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Abstract: FR-PO541

Elucidating the Diuretic Effect of Corticosteroids in Rats

Session Information

Category: Fluid, Electrolytes, and Acid-Base Disorders

  • 1101 Fluid, Electrolyte, and Acid-Base Disorders: Basic

Authors

  • Uema, Keito, Laboratory of Veterinary Pharmacology, Faculty of Agriculture, University of Miyazaki, Miyazaki, Japan
  • Sonoda, Hiroko, Laboratory of Veterinary Pharmacology, Faculty of Agriculture, University of Miyazaki, Miyazaki, Japan
  • Oguchi, Akane, Laboratory of Veterinary Pharmacology, Faculty of Agriculture, University of Miyazaki, Miyazaki, Japan
  • Higashijima, Yoshiki, Institute for Promotion of Tenure Track, University of Miyazaki, Miyazaki, Japan
  • Ikeda, Masahiro, Laboratory of Veterinary Pharmacology, Faculty of Agriculture, University of Miyazaki, Miyazaki, Japan
Background

Corticosteroids are widely used to treat kidney diseases such as nephrotic syndrome. A few cases of polyuria following corticosteroid treatment have been reported in human patients with heart failure or hypopituitarism. In dogs, corticosteroids frequently cause polyuria and polydipsia (Elkholly DA et al., Front Vet Sci. 2020). In experimental rat models, acute corticosteroid treatment is known to cause a potent diuretic effect (Tunhorst RL et al., Am J Physiol Regul Integr Comp Physiol 2007). However, the mechanisms by which corticosteroids cause polyuria is largely unknown. Here, we investigated the mechanism of corticosteroid-induced polyuria in rats treated with prednisolone (PSL).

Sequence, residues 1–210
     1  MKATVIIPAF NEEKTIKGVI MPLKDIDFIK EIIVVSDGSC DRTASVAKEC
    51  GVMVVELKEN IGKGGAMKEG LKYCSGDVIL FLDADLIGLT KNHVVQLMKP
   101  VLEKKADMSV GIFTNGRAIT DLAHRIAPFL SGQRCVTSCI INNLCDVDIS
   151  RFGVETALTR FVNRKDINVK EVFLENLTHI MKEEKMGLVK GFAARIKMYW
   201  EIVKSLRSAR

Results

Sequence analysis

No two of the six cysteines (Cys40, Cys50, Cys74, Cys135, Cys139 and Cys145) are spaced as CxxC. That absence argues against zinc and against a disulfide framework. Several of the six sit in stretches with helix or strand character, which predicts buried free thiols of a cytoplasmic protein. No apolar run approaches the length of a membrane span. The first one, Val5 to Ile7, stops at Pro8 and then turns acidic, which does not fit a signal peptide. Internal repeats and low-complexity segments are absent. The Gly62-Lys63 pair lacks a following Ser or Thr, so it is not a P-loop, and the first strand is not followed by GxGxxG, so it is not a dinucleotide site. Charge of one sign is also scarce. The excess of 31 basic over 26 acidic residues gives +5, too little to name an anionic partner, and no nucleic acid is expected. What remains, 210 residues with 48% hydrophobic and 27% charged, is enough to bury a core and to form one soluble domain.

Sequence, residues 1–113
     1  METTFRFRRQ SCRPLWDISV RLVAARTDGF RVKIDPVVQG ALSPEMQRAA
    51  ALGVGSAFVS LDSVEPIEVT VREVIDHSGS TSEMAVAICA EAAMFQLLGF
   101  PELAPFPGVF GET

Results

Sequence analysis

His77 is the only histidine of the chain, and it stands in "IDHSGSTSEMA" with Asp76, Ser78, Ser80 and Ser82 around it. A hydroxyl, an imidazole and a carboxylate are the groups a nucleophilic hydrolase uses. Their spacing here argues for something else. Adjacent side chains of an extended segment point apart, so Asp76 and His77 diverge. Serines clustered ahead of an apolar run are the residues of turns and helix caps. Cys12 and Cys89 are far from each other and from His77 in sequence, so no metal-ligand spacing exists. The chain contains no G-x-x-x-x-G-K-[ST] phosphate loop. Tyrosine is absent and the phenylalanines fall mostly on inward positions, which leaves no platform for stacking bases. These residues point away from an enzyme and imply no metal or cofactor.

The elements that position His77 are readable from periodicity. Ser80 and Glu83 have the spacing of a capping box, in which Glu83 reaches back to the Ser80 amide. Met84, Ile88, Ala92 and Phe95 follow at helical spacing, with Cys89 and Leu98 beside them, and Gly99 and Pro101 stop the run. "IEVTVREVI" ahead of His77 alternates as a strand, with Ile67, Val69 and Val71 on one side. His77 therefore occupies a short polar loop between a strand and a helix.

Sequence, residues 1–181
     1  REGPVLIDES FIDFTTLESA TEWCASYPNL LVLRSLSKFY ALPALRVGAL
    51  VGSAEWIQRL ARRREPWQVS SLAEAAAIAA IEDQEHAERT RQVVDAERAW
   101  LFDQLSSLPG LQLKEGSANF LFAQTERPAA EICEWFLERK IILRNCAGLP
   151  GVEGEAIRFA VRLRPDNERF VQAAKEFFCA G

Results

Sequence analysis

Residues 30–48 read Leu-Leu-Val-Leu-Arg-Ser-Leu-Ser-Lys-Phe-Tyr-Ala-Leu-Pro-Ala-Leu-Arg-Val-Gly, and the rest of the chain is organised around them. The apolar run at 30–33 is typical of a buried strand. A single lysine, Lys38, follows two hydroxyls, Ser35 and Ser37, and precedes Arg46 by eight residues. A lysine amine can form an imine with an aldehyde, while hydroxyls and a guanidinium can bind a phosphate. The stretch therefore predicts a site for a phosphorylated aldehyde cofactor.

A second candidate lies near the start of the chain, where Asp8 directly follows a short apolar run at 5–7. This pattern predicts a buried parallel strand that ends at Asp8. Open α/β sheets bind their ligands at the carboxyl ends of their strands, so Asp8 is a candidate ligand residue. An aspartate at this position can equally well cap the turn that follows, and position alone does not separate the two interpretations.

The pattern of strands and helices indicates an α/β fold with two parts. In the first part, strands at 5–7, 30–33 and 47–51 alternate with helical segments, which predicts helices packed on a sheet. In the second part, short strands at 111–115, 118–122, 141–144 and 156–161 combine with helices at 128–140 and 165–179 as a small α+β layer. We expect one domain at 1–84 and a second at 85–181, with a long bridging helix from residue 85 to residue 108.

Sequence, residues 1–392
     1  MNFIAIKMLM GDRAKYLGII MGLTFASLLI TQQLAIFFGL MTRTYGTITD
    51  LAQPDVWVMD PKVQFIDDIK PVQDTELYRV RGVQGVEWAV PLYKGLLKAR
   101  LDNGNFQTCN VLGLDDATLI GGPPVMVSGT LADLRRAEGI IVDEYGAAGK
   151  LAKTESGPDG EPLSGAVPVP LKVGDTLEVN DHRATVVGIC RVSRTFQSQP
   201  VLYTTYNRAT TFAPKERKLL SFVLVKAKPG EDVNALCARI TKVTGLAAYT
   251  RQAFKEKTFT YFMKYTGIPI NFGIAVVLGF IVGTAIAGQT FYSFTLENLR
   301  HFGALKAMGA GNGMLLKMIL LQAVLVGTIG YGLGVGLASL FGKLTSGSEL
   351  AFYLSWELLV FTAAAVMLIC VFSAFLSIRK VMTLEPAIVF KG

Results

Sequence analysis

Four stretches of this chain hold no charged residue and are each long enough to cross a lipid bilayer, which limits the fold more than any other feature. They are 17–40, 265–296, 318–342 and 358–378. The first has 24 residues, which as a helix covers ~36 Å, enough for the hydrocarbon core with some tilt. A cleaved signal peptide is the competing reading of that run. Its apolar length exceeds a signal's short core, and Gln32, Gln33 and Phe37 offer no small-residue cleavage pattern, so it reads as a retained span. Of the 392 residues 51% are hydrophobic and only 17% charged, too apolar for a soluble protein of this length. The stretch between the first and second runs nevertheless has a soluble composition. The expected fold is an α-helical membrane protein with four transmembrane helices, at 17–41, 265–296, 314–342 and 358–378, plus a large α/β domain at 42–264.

Methods

Male SD rats aged 10 weeks were treated with PSL (0.3 or 1.0 mg/kg, s. c.) or vehicle (25% DMSO/75% Corn Oil, s. c.). Urine was collected for 6 hours after the treatment. Blood and kidneys were isolated at 6 hours post-treatment. The levels of electrolyte and osmolality in urine and blood were measured. Free water clearance was also calculated. The gene expression levels of sodium-dependent transporters and water channels were investigated by real-time PCR.

Results

The urine volume was significantly increased and the urinary osmolality was significantly decreased after the treatment of PSL, in a dose-dependent manner. The total excretion of Na+, K+, Cl- and inorganic phosphorus was significantly higher in rats treated with PSL than in without it. The free water clearance value was negative in the PSL-treated rats. Real-time PCR revealed that mRNA levels of sodium/chloride cotransporters (NKCC2/Slc12a1 and NCC/Slc12a3), sodium/phosphate cotransporters (Slc34a1 and Slc34a3) and a water channel (AQP2) were decreased in the PSL group. In addition, significant negative correlations were observed between urinary sodium excretion and the gene expression of NKCC2 and NCC.

Conclusion

These results indicate that reduced renal expression of sodium-dependent transporters in response to PSL may contribute to the suppression of electrolyte reabsorption, leading to the diuretic and natriuretic effects in rats. Since the free water clearance value was negative, the contribution of AQP2 was considered modest in the diuretic effect of PSL.